VALLADOLID.- The San Benito Municipal Hall of exhibitions in Valladolid (Spain) hosts the "Vivian Maier, Street Photographer" exhibition from May 8 until July 8, 2013, consisting of 120 photographs and nine films in Super 8, which shows the street atmosphere of New York and Chicago from the 50s and 60s. It is the first major exhibition at European level that takes place with this, so far, unknown American photographer. The exhibition has been curated by Anne Morin and is entirely produced by diChroma photography.
A nanny by trade, Vivian Maiers street and travel photography was discovered by John Maloof in 2007 at a local auction house in Chicago. Always with a Roleiflex around her neck, she managed to amass more than 2,000 rolls of films, 3,000 prints and more than 100,000 negative which were shared with virtually no one in her lifetime. Her black and white photographs-mostly from the 50s and 60s-are indelible images of the architecture and street life of Chicago and New York. She rarely took more than one frame of each image and concentrated on children, women, the elderly, and indigent. The breadth of Maiers work also reveals a series of striking self-portraits as well as prints from her travels to Egypt, Bangkok, Italy, and the American Southwest, among dozens of other international cities.
My fascination with her story has only grown, as has my involvement with her photographs. It is such an unusual story with no resolution. At first her images are extremely well seen, quality photographs of life on the street, in New York City and Chicago. But as one looks at the body of her work, she reveals her deeper interests. Then one tries to imagine who she was, what motivated her, her personality. It is not everyday that one becomes so involved and even obsessed with a particular photographer, comments Howard Greenberg.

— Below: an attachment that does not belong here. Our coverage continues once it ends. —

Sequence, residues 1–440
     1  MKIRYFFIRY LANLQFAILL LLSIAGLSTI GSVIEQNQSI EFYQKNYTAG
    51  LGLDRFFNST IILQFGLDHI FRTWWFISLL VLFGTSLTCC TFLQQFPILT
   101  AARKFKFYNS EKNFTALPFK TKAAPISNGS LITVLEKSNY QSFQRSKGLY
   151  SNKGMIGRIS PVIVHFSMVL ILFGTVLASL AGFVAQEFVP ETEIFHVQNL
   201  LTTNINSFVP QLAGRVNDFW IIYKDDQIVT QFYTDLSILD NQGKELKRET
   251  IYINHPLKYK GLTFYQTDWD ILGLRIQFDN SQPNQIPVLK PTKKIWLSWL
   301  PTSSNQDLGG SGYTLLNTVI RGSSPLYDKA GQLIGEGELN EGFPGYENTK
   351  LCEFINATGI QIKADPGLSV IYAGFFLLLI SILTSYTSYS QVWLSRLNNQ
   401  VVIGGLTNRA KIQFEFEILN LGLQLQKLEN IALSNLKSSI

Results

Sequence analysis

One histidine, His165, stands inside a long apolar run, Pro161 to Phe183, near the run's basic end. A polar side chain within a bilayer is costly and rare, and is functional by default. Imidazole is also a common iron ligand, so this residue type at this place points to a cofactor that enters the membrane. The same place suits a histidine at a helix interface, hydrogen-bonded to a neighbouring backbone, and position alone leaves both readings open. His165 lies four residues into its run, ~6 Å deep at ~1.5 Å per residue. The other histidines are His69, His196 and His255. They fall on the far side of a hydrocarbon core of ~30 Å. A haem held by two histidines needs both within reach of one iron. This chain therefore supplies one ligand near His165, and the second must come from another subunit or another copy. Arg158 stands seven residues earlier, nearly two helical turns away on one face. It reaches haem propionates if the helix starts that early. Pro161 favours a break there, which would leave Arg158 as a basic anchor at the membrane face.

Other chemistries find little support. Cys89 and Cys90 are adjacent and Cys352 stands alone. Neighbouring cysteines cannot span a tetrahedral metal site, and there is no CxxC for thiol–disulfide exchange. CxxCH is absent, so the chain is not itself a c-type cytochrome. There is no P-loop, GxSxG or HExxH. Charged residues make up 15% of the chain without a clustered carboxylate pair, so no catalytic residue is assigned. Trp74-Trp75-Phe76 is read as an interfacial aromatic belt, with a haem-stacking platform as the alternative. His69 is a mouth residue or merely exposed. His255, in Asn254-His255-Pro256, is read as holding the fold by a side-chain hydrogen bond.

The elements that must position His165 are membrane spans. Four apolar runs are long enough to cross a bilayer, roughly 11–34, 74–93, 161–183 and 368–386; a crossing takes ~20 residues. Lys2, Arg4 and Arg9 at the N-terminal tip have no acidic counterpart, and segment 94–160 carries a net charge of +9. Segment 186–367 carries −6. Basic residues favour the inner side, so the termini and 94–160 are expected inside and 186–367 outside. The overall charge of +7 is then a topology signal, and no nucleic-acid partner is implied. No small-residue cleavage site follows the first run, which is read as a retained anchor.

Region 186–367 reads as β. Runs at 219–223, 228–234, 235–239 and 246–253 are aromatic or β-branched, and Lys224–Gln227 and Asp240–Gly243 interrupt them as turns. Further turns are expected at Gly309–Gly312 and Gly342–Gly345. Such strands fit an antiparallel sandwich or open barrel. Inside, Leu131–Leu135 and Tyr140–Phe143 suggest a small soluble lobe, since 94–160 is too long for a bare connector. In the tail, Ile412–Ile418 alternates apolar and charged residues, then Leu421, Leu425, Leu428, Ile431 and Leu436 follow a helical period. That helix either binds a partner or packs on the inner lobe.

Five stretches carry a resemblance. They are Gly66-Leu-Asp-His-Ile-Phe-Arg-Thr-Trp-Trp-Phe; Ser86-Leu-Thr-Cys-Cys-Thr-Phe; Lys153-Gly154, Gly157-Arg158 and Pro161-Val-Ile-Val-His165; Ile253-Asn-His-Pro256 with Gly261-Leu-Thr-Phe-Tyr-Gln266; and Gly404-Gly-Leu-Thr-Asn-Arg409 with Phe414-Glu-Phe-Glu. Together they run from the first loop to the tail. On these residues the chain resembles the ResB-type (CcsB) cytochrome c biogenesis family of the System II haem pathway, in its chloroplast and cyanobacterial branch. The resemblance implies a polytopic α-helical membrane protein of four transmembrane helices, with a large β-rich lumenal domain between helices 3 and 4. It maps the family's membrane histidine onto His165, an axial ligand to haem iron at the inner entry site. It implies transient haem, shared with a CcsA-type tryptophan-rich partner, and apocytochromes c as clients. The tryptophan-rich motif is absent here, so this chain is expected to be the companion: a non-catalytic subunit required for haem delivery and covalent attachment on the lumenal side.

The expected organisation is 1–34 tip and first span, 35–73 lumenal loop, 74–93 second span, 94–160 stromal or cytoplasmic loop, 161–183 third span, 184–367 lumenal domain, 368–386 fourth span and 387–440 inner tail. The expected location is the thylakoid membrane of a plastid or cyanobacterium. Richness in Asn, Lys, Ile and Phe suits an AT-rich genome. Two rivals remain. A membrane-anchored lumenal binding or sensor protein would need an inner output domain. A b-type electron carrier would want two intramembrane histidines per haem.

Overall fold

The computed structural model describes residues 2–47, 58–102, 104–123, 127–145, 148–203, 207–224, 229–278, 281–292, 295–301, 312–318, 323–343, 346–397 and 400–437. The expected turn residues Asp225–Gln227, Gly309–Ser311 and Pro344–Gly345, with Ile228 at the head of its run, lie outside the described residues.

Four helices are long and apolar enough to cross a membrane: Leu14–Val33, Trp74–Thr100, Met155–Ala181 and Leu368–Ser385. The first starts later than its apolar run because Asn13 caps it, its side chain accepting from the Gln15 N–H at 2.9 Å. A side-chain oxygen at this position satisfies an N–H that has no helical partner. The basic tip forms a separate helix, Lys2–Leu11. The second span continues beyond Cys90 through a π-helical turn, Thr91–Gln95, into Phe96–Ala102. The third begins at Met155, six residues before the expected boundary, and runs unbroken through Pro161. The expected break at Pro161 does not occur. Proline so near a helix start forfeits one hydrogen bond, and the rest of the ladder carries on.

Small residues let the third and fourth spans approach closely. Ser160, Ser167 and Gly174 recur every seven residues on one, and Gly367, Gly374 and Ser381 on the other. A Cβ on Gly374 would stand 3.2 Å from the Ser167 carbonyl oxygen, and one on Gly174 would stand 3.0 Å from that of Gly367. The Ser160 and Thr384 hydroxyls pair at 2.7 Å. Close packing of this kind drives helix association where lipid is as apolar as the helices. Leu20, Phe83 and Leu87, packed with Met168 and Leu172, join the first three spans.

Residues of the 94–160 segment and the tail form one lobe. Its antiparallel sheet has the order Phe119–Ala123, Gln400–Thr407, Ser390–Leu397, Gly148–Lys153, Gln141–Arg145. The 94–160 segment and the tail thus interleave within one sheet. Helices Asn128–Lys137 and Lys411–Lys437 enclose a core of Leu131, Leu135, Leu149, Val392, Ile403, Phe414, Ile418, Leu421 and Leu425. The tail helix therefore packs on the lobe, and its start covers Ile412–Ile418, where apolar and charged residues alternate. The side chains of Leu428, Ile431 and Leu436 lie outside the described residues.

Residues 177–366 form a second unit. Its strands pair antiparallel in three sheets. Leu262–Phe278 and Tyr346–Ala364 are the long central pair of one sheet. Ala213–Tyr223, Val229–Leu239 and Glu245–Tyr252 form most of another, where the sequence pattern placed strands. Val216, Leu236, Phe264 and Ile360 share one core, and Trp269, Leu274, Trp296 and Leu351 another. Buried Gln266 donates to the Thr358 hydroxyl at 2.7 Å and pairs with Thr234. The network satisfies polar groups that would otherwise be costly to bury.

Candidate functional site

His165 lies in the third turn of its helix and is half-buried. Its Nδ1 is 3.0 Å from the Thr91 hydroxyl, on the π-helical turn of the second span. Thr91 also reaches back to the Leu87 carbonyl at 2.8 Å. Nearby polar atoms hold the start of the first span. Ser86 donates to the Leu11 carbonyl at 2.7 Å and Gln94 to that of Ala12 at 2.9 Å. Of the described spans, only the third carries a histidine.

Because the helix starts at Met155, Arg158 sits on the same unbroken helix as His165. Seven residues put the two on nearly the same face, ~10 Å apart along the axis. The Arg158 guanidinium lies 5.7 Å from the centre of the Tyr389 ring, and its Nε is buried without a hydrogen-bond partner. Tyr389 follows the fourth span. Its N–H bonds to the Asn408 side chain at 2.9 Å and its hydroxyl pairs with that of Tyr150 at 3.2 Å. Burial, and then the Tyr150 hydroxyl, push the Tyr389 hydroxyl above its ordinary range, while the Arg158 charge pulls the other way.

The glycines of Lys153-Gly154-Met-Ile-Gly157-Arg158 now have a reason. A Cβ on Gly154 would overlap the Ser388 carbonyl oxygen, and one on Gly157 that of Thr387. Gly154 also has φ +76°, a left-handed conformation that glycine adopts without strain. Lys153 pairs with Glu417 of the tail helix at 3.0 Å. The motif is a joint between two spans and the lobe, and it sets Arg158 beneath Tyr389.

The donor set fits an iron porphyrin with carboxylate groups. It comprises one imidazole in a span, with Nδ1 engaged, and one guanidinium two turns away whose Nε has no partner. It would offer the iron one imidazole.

What little is known about Maiers life is the result of John Maloofs extensive research. He discovered her obituary on line in 2009 which was just the beginning of his investigative work. An American of French and Austro-Hungarian extraction, Maier split her time between Europe and the US, returning to NY in 1951. In 1956, she ultimately settled in Chicago where she worked as nanny for more than forty years. For a brief period in the 1970s she worked as a nanny to journalist, Phil Donahues children. Towards the end of her life, Maier was supported by the children she had cared for in the early 50s. Unbeknownst to them, one of Maiers storage lockers (containing her massive group of negatives) was auctioned off due to delinquent payments.
After purchasing the first collection of Maier photographs in 2007, Maloof acquired more from another buyer at the same auction. He has since established the Maloof Collection to promote the work of Vivian Maier and to safeguard the archive for future generations. The archive consists of approximately 100,000 to 150,000 negatives; over 3,000 prints; hundreds of rolls of film; home movies; audio tape interviews, and other items representing roughly 90% of Maiers work.
PowerHouse Books has published the book "Vivian Maier: Street Photographer", with over 100 illustrations and currently John Maloof (the collector who has purchased the whole of the work of Maier) is filming the documentary "Finding Vivian Maier".
The exhibition will subsequently travel to Tours, Ghent and Gothenburg, among other cities.